Sales at U.S. retailers dropped in June for a second month, indicating the economic recovery dissipated heading into the second half of 2010.
Purchases decreased 0.5 percent, more than projected, after declining 1.1 percent in May, Commerce Department figures showed today in Washington. Excluding auto dealers, demand fell 0.1 percent, matching the median forecast of economists surveyed by Bloomberg News…
…“The consumer is losing some momentum,” said Harm Bandholz, chief U.S. economist at UniCredit Group in New York. “Job gains are not enough to bring the unemployment rate down. It means the recovery goes on, just at a slower pace.”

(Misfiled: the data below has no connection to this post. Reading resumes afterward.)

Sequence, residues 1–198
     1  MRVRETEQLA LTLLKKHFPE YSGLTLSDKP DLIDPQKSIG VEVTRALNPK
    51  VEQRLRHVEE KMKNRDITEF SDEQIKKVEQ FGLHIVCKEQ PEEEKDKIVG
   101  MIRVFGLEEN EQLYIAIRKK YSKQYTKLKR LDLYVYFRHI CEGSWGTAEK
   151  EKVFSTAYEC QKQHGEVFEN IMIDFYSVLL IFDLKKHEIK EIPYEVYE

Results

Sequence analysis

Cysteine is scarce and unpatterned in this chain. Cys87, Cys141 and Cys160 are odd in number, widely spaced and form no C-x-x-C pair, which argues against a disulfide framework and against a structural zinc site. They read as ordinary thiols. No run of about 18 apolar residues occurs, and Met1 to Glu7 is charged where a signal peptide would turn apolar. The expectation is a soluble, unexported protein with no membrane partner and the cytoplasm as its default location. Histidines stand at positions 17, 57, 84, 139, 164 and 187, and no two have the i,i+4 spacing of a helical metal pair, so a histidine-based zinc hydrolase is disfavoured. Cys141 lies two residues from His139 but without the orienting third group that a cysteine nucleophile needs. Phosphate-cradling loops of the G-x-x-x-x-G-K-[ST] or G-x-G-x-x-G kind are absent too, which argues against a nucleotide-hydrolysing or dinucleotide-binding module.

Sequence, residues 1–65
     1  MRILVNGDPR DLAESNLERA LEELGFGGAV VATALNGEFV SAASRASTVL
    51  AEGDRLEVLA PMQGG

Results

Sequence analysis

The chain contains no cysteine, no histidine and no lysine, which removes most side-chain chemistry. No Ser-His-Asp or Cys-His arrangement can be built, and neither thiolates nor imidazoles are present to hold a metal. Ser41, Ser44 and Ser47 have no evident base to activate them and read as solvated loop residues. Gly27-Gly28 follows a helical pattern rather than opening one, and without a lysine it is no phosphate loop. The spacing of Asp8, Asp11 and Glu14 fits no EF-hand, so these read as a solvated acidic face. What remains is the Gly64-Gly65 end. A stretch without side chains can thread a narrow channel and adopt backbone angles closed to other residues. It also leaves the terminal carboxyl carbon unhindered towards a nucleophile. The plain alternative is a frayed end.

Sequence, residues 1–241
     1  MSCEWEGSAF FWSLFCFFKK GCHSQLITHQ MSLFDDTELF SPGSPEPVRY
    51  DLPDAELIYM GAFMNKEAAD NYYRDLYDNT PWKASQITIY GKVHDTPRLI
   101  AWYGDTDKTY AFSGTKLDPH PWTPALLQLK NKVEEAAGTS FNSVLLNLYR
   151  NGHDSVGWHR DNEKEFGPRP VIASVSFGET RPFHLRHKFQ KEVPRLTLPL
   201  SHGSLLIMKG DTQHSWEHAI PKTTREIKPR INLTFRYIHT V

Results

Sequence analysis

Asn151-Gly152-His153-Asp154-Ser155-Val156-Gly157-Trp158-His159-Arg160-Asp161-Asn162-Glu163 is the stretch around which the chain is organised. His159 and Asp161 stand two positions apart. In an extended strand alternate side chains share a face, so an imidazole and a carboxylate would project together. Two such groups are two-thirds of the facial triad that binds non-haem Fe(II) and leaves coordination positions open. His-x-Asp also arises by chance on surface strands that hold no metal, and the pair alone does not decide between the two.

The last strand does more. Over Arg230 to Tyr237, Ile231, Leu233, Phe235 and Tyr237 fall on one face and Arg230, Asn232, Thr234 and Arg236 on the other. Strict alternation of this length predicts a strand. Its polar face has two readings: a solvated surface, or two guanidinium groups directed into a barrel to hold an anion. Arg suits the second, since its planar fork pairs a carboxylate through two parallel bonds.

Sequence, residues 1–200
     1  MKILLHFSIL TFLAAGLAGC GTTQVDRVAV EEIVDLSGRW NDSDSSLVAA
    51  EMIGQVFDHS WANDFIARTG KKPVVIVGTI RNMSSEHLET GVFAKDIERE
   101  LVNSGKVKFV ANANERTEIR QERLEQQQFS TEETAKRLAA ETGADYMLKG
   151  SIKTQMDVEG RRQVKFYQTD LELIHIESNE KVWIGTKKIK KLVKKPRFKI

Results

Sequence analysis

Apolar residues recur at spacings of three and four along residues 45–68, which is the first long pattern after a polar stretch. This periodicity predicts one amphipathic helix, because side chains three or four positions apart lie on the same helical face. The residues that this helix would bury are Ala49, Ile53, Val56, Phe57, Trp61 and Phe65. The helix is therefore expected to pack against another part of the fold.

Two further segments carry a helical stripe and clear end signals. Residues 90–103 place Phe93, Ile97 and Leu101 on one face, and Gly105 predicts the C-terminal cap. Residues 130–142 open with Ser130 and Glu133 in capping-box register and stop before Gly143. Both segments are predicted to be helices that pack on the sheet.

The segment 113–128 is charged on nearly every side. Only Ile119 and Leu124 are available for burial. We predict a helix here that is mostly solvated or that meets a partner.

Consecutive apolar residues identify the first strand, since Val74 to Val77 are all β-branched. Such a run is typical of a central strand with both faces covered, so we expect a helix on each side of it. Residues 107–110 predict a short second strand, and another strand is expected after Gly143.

Looks like the pent-up demand was been satisfied. Retail sales excluding gasoline have now reverted back to the pre-recession growth rate (growth rates are log approximations):
For those counting, the gap between prerecession trend and actual sales now exceeds a trillion dollars – correct, a trillion dollars of foregone spending relative to the previous trend. That gap is growing by over $50 billion each month. One can argue that the previous trend wasn’t sustainable, but where would sales be if unemployment rates were closer to 5% rather than 10%?
Just more evidence that the US economy is settling into a suboptimal equilibrium.